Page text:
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3. ‘Date night’ became a thing again. For the first several years of our son’s life, the idea of going out on a date seemed like a distant fantasy. Terrible sleeper + multiple allergies = NOT feeling comfortable leaving our son in someone else’s hands — no matter how capable they happened to be. After moving to Ireland, we got ourselves an au pair for the summer, and soon were perfectly okay with heading out for an (almost) weekly night out to do one of our favourite things: Eat! At a restaurant! This whole dating thing did wonders for our relationship, and made me feel more like, well, me again. 😉

4. I can bake! I never, ever thought I’d be the type of mom who baked homemade birthday cakes, experimented with different cupcake, muffin, or scone recipes, or decorated Christmas cookies (albeit badly — see photo below!). Even after my son’s allergy diagnosis, I spent more time researching allergy-friendly bakeries than allergy-friendly recipes. But 3 years into our allergy journey, I finally caught the baking bug. I guess it was a combination of actually wanting to be in my kitchen (thanks, natural light & gorgeous green views!) and the need to bring safe treats to events (see #6). But the thing is… I love it! My hubby thinks I’m crazy — but certainly doesn’t stop me — when I decide to throw a batch of muffins in the oven at 10 o’clock at night. I may have gained a few extra pounds, though…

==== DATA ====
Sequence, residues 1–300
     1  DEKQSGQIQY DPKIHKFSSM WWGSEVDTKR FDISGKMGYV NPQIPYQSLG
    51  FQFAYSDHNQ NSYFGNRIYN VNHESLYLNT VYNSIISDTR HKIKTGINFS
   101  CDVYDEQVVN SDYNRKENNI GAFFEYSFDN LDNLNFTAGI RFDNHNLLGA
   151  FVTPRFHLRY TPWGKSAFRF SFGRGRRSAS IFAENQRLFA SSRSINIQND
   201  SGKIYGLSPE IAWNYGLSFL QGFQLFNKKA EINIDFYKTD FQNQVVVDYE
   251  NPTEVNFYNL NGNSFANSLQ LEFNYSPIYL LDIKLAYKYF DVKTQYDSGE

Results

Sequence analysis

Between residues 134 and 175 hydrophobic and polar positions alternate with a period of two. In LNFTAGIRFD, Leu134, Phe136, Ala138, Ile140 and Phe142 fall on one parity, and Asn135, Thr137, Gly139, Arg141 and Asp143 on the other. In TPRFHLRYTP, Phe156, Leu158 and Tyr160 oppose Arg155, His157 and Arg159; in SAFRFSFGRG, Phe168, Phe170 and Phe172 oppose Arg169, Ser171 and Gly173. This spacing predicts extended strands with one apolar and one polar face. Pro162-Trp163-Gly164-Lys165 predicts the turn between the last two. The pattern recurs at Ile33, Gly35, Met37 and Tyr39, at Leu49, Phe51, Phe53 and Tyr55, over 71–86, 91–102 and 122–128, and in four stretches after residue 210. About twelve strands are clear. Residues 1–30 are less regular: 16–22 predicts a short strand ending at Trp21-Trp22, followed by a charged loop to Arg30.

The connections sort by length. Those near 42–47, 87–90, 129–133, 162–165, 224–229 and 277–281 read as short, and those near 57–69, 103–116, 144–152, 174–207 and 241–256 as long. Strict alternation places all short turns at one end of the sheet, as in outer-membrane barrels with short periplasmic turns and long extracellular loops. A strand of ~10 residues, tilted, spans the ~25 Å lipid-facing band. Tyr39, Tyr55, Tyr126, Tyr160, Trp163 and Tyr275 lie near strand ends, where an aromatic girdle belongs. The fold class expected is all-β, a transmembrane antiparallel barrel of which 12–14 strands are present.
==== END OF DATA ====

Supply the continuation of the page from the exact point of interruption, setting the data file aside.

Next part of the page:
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5. Our son started preschool. This may not seem like an accomplishment, but when your kid has multiple allergies that include one that isn’t even in the top 10 (i.e., it doesn’t have to be labelled), the idea of sending your precious child off to preschool is seriously terrifying. Back in Toronto, our son was lucky to go to an in-home daycare, where his caregiver had allergies herself and truly got it. I never had to worry that his allergens would be present, or that there’d be so many kids running around that a symptom of anaphylaxis would go unnoticed. So yeah, finding a preschool we actually trusted was HUGE for us. And having him attend — without experiencing daily panic attacks — feels like a real accomplishment. That said, I still don’t think I’m ready to send him off to real school. (Eek!)